German Budget Shock Major Blow for Economy, Habeck Warns

German Budget Shock Major Blow for Economy, Habeck Warns

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(Bloomberg) — German Vice Chancellor Robert Habeck said last week’s ruling by Germany’s top court curbing the use of off-budget special funds is a major blow for Europe’s biggest economy and could lead to higher power costs for households and companies.

Constitutional Court judges said that €60 billion ($65.5 billion) in untapped credit authorizations can’t be transfered into the government’s Climate and Transformation Fund, potentially threatening projects like the expansion of hydrogen infrastructure and charging stations for electric vehicles.

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It has also prompted fears that similar off-budget vehicles accounting for as much as €770 billion in funding may have to be dissolved or at least overhauled. Habeck said that while the government is still digesting the ruling and how to implement it, it’s already clear that it will have “massive implications” for Germany’s transformation to a cleaner and more technologically advanced economy.

Government support for efforts by companies to green manufacturing processes, including in the steel industry, and the expansion of solar power are among initiatives under threat, Habeck said Monday in an interview with Deutschlandfunk radio.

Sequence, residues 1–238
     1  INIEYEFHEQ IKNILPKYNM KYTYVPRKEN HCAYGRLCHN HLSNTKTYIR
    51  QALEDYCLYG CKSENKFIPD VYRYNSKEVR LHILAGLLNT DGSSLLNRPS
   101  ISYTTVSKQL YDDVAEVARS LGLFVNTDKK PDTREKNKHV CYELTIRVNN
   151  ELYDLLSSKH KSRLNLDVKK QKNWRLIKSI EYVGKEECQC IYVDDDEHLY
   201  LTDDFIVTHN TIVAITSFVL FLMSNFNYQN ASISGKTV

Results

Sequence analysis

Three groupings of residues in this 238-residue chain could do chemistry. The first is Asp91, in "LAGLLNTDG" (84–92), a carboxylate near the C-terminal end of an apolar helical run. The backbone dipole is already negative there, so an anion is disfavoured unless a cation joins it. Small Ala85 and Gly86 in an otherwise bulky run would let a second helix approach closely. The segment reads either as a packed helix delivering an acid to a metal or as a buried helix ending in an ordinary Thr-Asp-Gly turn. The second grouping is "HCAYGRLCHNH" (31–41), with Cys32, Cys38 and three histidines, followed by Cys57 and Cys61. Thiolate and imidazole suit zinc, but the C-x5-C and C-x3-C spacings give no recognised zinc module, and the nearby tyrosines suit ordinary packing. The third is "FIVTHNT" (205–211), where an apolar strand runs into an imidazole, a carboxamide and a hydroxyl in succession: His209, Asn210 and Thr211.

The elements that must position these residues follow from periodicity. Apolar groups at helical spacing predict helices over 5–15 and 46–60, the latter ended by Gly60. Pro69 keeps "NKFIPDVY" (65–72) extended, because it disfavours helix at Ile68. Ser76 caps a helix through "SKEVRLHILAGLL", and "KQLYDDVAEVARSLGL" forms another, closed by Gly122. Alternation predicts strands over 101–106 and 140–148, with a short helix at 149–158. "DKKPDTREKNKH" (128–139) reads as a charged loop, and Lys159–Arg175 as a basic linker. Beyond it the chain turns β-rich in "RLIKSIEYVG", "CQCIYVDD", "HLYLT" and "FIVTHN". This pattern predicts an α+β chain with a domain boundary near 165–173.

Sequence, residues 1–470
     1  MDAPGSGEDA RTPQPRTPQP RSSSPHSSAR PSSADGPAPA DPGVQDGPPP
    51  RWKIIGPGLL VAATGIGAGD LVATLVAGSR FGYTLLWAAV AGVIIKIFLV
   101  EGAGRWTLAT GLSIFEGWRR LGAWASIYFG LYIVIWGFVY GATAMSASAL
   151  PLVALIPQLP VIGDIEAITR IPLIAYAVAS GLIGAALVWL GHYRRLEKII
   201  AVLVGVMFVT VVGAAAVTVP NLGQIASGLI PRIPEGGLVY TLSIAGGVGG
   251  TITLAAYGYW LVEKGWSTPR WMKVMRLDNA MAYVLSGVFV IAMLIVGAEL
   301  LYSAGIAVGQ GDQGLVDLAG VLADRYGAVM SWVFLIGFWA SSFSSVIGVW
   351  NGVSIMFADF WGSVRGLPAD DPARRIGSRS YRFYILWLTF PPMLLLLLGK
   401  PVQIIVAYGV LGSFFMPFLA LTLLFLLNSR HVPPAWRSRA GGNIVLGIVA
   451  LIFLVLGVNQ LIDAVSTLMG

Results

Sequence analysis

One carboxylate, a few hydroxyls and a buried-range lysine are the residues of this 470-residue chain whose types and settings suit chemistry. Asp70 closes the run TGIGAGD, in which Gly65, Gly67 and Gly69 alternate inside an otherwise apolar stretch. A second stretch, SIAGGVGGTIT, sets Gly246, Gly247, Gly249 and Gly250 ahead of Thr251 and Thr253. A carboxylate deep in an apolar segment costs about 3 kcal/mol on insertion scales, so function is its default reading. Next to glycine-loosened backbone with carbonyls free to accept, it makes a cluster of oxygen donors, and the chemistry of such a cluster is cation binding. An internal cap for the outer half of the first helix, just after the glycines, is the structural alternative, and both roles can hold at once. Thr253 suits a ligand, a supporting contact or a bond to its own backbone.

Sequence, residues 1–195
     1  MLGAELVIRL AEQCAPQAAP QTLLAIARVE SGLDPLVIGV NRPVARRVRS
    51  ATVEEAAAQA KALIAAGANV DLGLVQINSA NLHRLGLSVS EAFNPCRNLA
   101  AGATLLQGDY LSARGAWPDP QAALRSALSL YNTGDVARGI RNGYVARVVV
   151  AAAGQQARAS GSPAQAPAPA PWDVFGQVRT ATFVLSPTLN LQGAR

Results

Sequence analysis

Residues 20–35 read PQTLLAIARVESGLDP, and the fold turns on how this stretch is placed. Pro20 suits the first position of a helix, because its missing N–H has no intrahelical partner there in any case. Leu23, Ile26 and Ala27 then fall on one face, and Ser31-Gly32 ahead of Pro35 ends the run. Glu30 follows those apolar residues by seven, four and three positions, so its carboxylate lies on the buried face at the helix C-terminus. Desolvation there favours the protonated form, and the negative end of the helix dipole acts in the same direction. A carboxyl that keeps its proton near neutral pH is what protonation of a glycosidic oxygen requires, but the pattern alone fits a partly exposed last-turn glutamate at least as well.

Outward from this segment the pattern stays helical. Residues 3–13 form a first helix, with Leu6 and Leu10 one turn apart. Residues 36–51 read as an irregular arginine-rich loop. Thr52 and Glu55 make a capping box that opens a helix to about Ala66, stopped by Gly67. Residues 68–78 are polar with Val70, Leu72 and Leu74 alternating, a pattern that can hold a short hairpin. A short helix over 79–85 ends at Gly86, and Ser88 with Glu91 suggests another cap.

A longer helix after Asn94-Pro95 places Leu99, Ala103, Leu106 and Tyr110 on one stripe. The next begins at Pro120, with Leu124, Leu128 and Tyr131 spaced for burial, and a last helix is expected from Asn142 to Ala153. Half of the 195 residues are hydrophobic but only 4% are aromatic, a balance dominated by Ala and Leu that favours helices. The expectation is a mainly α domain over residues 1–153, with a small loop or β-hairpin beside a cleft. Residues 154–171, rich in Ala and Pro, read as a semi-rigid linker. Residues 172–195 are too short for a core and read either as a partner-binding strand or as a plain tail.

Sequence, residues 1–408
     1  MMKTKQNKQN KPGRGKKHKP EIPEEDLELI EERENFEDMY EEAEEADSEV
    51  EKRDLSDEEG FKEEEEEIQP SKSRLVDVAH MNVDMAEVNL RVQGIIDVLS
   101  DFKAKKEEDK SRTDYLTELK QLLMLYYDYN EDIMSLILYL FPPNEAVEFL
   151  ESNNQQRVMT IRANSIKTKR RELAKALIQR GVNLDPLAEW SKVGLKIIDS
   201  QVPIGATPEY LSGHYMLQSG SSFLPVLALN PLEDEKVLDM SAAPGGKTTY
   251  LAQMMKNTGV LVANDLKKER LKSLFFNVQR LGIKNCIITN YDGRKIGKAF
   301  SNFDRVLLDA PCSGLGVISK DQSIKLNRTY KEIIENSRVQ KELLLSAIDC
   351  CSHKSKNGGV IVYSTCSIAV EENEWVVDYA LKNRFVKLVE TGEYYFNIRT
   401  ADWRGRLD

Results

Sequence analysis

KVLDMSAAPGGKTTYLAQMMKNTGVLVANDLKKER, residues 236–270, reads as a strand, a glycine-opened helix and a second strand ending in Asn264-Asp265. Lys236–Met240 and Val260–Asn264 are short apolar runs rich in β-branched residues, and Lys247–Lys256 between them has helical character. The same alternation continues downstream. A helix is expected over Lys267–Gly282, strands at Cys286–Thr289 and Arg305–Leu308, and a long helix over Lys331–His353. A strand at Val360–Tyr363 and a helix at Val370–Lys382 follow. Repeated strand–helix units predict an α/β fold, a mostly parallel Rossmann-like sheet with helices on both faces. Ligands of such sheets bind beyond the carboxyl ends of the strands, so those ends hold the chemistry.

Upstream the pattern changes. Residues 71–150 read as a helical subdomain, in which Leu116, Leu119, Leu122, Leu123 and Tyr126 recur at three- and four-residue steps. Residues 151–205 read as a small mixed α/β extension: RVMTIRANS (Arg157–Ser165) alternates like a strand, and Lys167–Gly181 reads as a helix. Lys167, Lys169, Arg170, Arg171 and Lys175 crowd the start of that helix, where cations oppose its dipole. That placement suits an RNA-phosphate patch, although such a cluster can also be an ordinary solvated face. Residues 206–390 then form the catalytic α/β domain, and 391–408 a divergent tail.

Read More: German Ruling Puts €770 Billion of Government Funds at Risk

“This is about the core substance of the German economy,” he said. “The answer is not easy to find and things could get really difficult.”

Habeck said that the court ruling, in his view, will also impact Germany’s Economic Stabilization Fund, known as the WSF.

If that proves to be the case, it could have implications for around €30 billion euros of net new debt in the 2023 federal budget, money that has been allocated to help shield companies from high energy prices.

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If the government is forced to take action on the WSF funds, it would mean that households and firms would face higher power prices and, potentially, higher gas costs as well, Habeck said.

—With assistance from Michael Nienaber and Kamil Kowalcze.

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